The blog series "That's why digital accessibility helps everyone" deals with digital accessibility, the laws as well as the content. The first article deals with the general question of what digital accessibility actually is.
Websites are to pay attention to "digital accessibility" - and the regulations are being successively expanded. With its guidelines, the EU is deliberately positioning itself for more operators to focus on accessibility in the digital world.
What does accessibility mean on the Internet?
Accessibility generally means that everyday environments are designed in such a way that they are accessible to all without outside assistance. Initially, this means buildings, vehicles or merchandise. For digital spaces, this means designing all information and functions so that they are accessible to as many users as possible. Digital barriers must therefore be avoided - these can look like the following, for example:
- People with low vision find it difficult to read text with little contrast.
- Without subtitles or sign language, the deaf and hard of hearing cannot understand the video.
- If the website design is very complex or contains a lot of animations, people with low concentration or low cognitive ability may feel stressed.
- Non-native speakers and people with low reading skills have difficulty understanding complex texts with long sentences.
Digital accessibility: EU Directive 2102 and who it applies to
As of September 23, 2018, all public institutions in Europe are required to make their digital products accessible. This includes all internal and external office documents, PDFs, intranets and extranets. Directive (EU) 2016/2102 is implemented in Germany by the Ordinance on Barrier-free Information Technology (BITV). The goal is the equal participation of all in social life. According to EU Directive 2102, certain websites must use digital accessibility. The new directive is crucial for:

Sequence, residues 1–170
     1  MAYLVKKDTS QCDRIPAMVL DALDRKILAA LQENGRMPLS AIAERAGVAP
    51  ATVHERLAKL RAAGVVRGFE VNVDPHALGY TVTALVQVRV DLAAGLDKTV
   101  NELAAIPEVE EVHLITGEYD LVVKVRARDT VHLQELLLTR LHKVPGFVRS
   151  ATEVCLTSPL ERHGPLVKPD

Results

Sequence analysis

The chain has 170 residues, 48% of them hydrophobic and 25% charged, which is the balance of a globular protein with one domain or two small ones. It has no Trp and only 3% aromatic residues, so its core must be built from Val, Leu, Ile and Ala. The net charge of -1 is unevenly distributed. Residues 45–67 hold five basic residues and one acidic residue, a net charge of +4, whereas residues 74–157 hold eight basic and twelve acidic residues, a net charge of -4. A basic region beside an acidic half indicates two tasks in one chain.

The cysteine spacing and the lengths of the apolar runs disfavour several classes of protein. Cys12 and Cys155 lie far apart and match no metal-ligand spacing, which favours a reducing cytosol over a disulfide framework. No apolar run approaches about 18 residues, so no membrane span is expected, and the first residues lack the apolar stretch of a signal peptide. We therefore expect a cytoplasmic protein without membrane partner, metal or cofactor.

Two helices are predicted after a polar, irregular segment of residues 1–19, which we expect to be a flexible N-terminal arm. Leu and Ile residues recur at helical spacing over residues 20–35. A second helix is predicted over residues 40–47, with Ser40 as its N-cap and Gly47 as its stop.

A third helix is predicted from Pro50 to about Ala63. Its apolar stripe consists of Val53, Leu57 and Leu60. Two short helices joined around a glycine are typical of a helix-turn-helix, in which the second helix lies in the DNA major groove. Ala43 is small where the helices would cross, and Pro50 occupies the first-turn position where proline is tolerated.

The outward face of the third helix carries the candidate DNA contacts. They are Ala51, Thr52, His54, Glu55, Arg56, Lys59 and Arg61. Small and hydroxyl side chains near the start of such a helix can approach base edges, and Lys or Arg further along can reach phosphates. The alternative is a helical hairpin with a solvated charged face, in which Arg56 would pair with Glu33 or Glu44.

- Special-purpose associations
- Health insurance companies and professional associations
- Online retailers
- Colleges, universities and universities of applied sciences
- Social security
- Chambers of industry and commerce, lawyers and doctors, professional associations and guilds
- Savings bank, state asset management and financial services
- Schools and kindergartens with online administration, and many more.
As a general rule, any website that is 50 percent or more publicly funded has accessibility obligations. However, with exceptions:
- Non-governmental organizations that do not provide essential services to the public
- Schools and day care centers without online administrative functions
- Historical and cultural archives
- Websites and apps with archive-only functions
- Non-accessible functions, with accessible alternatives
When must websites affected by this decision be accessible?
All websites, office documents, and PDFs published after September 23, 2018 must be accessible by September 23, 2019. The same applies to pages and files already published if they are used for "active administrative procedures" such as applications or registrations. The EU is in the process of adopting Directive EN 2019/882, which is expected to come into force in 2025. It relies on uniform accessibility regulations in the areas of:
- Banking services
- Audiovisual media, and more.
All newly released intranets and extranets must be accessible as of this date. Existing websites are exempt from this regulation and are only required to do so for radical revisions. Sept. 23, 2020 is the deadline for websites released before Sept. 23, 2018. Recorded audio and video services must also be accessible immediately. Live broadcasts are not included. Since the end of June of 2021, non-web mobile applications must also be accessible.